3. Regimes with such extraordinary top-level corruption are not stable. Huge wealth is transferred to top officials. Corruption renders the state dysfunctional. Sooner or later, people will protest, and we cannot predict when.

4. In late 2012, Putin launched his first significant anti-corruption campaign. One indication that the elites are scared is the sharp increase over the past year in the number of luxury villas on Rublyovskoye Shosse that has been put on sale. Meanwhile, ordinary people are getting enraged by the massive corruption within the government. In each of the six current corruption cases involving more than $100 million, one top official goes after another one, reflecting a wild interclan feud. This underscores the weakness of law and order. Putin's Catch-22 is best illustrated with former Defense Minister Anatoly Serdyukov. If Serdyukov is convicted and sent to prison, the corrupt elites will rebel. If he is acquitted, the population will protest.

5. The regime's new reactionary radicalism has put itself in danger. Previously, Putin was a master of political safety valves, but now he is plugging them, raising the risk of unexpected explosions. Every protest seems to be encountered with more repression, which is rarely optimal. The regime has developed a strong instinct to do the opposite of the rational.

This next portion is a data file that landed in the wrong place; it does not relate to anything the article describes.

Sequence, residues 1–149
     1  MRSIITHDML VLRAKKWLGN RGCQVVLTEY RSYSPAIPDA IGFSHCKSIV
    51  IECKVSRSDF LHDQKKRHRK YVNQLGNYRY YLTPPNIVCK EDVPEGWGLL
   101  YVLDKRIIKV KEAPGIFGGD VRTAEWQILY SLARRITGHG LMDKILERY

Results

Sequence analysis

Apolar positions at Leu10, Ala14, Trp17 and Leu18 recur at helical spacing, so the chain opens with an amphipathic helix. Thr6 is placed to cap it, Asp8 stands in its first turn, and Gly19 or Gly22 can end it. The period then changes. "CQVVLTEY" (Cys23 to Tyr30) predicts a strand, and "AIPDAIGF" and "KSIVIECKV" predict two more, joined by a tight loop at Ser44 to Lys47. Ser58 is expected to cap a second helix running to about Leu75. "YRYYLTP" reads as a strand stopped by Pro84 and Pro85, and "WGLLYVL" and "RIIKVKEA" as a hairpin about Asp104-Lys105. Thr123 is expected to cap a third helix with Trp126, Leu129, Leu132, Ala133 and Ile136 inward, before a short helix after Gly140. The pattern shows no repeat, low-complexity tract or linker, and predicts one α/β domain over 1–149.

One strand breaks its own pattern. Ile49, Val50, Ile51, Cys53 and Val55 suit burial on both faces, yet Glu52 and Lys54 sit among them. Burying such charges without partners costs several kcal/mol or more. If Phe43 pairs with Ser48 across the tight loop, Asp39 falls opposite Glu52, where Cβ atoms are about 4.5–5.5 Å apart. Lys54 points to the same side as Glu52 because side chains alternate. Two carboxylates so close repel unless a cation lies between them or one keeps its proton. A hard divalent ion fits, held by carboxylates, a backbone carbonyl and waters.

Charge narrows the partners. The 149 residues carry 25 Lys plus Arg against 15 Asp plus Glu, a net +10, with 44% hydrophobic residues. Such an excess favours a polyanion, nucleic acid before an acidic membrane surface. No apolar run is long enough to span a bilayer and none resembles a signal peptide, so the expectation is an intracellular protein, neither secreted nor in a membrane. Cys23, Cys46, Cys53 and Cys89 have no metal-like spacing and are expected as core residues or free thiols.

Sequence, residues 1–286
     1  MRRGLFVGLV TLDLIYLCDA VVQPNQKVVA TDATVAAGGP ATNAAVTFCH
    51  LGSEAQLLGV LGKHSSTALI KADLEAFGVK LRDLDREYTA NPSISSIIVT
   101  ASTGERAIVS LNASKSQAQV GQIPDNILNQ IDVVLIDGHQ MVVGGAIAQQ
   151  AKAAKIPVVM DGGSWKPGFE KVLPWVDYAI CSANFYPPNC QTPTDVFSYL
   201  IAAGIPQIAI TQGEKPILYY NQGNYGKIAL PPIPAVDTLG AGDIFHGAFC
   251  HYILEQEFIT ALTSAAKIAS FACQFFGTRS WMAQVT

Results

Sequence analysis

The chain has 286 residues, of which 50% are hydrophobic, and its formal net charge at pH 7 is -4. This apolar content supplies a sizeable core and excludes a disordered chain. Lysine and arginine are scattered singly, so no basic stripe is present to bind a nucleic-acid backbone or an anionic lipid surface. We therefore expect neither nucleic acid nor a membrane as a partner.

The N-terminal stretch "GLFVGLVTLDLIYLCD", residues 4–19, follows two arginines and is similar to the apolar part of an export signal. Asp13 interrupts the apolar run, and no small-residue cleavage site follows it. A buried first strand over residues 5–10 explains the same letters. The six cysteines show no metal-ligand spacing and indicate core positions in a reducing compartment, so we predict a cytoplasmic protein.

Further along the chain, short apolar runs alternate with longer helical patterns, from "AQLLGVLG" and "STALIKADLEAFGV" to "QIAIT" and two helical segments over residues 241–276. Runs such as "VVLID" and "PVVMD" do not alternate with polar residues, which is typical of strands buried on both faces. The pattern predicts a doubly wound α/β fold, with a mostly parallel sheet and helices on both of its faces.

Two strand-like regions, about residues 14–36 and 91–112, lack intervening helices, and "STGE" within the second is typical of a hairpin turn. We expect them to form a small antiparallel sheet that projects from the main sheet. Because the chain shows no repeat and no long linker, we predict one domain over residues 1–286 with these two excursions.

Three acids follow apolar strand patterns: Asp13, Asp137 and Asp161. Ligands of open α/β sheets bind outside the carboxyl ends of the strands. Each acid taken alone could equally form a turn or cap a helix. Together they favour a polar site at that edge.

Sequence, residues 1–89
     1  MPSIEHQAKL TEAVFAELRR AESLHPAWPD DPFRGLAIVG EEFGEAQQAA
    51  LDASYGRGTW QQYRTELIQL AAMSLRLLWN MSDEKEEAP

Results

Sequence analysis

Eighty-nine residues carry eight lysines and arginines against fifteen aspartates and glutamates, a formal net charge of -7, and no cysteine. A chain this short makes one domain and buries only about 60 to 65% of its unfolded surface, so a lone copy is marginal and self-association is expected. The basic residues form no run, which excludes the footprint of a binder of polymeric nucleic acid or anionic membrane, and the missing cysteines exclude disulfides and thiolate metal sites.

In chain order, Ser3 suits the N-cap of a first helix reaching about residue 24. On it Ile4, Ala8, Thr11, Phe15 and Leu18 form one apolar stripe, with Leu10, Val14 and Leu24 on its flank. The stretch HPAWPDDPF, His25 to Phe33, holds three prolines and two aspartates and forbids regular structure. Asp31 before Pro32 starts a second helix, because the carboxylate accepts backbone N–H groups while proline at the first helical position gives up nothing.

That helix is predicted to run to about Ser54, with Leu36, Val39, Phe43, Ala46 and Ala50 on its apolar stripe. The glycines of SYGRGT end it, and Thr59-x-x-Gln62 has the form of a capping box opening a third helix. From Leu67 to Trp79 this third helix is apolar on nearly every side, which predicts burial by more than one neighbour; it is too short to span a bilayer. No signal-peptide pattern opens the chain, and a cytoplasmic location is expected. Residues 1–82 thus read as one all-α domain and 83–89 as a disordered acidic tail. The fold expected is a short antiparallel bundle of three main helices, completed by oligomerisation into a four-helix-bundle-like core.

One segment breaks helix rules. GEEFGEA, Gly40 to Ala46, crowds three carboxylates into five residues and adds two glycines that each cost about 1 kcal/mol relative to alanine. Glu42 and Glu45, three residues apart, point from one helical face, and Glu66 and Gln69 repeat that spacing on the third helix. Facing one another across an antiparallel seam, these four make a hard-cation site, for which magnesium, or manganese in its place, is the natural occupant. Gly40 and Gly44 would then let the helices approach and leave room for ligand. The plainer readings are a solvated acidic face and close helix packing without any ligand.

6. Similarly, the anti-American campaign that started in connection with the State Duma elections in December 2011 is just getting worse. To judge from the official propaganda, Putin harbors the illusion that U.S. President Barack Obama intends to start an Orange-style revolution in Russia to oust him. In addition, anti-Americanism enjoys popular support in the regions. If this continues, the scaling back of U.S.-Russian cooperation will be inevitable. Why should Obama go out of his way to mend ties with a person who persistently campaigns against him and even skipped out on the Group of Eight meeting at Camp David in May? Obama has apparently turned down Putin's invitation to meet in Moscow this spring, and the question will inevitably rise whether Obama will go to the G20 summit in St. Petersburg in September. Putin's relations with the other G8 leaders are hardly better. Such foreign policy aggression is always imprudent, but particularly for the chairman of the G20. Putin runs the risk of losing face on a global scale.